Gransnet forums

Chat

Education and grammar.

(43 Posts)
kircubbin2000 Thu 20-Aug-20 16:47:32

I have spent the last hour reading and browsing some local newspaper forums.Although the content was interesting I was appalled by the general spelling,grammar and the inability to debate without resorting to abuse and name calling.Many posters completely misunderstood what the poster was saying and the arguments became very heated.

I think this reflects on the poor standard of education in this country .

Esspee Thu 20-Aug-20 16:55:44

Sounds like a few of the political threads on here. 😄

Spangler Thu 20-Aug-20 16:56:16

Maybe so, but there's also a general lack of reading, of absorbing knowledge simply for the pleasure of it. Spellcheckers and predictive suggestions negate the need for a dictionary, printers negate the need to hand write regularly and because those that post are generally of an age to have grown up with texts, emails and forums, they have no understanding of communication.

Body language is essential when conversing one to one, we use gestures, eye contact, nuances and arm movements. All that is lost with the written word and if you have grown up without the richness gained of the written word, through reading, then sadly, the result is as you perceive, brutal.

biba70 Thu 20-Aug-20 17:00:18

The vast majority of youngsters do not study English beyond GCSEs.

Ilovecheese Thu 20-Aug-20 17:02:57

Abuse and name calling is nothing to do with spelling and grammar though. The two are entirely separate issues. In fact, one could argue that the emphasis on correct grammar, stultifies communication and original thought.
I also agree with Spangler about reading for pleasure.

MawB2 Thu 20-Aug-20 18:04:00

biba70

The vast majority of youngsters do not study English beyond GCSEs.

I learned all my grammar, spelling, idioms, metaphors and similes, metonymy, antonomasia, what we called “parsing” or my daughters learned as 5 column analysis, punctuation and appropriate registers of language long before GCSE (or O levels as they were in my day) having enjoyed the benefits of a Scottish primary school.

welbeck Thu 20-Aug-20 18:08:22

now you're showing off.

welbeck Thu 20-Aug-20 18:09:35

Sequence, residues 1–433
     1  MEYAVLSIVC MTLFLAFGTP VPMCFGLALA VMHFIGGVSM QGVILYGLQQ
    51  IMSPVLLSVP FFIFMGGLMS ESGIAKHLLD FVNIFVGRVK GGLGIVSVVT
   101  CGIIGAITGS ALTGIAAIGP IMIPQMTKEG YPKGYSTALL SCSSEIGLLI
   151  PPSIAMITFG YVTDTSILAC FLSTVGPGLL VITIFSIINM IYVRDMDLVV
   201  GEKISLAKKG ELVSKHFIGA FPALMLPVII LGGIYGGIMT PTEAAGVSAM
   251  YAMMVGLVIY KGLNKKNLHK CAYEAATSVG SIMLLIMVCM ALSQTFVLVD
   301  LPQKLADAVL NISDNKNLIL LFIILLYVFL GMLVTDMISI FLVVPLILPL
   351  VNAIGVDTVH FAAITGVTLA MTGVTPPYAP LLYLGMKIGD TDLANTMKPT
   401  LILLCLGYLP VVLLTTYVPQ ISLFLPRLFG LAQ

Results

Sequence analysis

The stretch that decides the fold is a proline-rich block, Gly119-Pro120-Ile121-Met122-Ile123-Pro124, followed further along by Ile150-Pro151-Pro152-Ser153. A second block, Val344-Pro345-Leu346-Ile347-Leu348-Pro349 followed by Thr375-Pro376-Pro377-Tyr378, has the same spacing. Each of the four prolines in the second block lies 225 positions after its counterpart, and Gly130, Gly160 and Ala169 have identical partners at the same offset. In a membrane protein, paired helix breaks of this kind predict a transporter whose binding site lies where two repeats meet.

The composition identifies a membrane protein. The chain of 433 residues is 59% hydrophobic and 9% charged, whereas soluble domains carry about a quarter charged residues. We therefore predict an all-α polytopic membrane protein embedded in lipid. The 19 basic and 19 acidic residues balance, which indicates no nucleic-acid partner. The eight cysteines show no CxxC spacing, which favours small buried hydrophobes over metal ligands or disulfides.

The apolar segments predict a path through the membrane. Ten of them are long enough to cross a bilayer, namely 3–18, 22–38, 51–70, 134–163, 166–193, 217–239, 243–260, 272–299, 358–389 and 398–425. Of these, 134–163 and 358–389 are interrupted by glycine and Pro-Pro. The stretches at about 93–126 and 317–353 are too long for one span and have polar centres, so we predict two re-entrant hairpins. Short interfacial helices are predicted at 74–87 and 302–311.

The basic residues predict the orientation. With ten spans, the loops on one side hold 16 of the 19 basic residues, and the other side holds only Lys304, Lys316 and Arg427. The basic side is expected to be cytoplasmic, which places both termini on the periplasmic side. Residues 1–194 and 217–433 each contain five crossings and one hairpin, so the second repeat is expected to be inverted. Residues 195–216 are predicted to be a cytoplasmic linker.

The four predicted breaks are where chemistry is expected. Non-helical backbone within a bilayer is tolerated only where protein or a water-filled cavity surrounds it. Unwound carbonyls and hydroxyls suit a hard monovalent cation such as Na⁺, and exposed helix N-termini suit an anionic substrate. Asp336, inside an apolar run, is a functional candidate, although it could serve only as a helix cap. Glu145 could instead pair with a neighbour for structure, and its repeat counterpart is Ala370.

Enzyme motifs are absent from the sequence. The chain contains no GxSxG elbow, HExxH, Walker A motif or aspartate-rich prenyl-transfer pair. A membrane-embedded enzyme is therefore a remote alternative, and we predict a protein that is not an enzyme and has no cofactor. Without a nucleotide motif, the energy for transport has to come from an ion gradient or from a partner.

it was the luck of the draw that you were born at that time/ place and moreso that you had that schooling.
lucky old you.

MawB2 Thu 20-Aug-20 18:12:01

No I am not Welbeck just saying that it doesn’t have to be laid at the door of secondary school students, Secondary schools or our exam system.
Not is it anything to do with privilege or money - just a traditional, possibly old-fashioned education.

Antonia Thu 20-Aug-20 18:28:29

I completely agree about the generally poor standard of grammar and punctuation. It is perfectly possible to write spontaneously and creatively, whilst maintaining a reasonable level of English. I also dislike the misplaced use of the word 'like' in speech. ( I am old and grumpy!)

Kate54 Thu 20-Aug-20 18:29:16

Pleased to hear mention of five column analysis - I definitely practised it at school (in England!) but could find no mention of it anywhere when searching for resources when I re-trained as an.English teacher. Where is it?!

BlueBelle Thu 20-Aug-20 18:29:22

...but who said it was young people i didn’t see that in the opening post I presume when commenting on a local newspaper article you don’t have to put Bluebelle aged 14
I ve heard and seen many people of all ages who are very Ignorant of spelling, grammar, punctuation or how to debate sensibly

Mamie Thu 20-Aug-20 18:39:45

There have always been a proportion of the population who are functionally illiterate. The difference is that now we see that illiteracy in plain sight on social media.
Nothing to do with the good old days.

kircubbin2000 Thu 20-Aug-20 20:22:01

Mamie

There have always been a proportion of the population who are functionally illiterate. The difference is that now we see that illiteracy in plain sight on social media.
Nothing to do with the good old days.

Is it possible that a section of the population are just stupid? Nothing can teach them to reason or understand the truth of what is going on.This is why equality can never happen. Statistically there is a range of high to low.

welbeck Thu 20-Aug-20 20:41:13

i have never heard of 5-column analysis.
managed ok without it.